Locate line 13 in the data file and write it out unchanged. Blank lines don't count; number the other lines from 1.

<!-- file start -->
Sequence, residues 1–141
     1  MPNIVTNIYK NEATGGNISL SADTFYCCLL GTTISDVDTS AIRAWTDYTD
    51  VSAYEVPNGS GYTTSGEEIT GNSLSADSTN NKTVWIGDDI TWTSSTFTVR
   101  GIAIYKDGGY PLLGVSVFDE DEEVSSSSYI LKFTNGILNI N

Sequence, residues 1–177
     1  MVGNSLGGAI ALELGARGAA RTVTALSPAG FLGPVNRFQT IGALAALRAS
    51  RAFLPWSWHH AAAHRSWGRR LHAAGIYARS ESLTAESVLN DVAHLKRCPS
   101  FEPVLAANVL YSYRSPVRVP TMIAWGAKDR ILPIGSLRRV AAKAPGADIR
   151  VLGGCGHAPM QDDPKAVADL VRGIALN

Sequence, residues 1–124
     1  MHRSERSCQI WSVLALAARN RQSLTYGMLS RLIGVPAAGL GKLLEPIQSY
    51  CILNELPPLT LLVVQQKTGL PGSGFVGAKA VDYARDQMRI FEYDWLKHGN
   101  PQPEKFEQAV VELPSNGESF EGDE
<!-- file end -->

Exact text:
   101  PQPEKFEQAV VELPSNGESF EGDE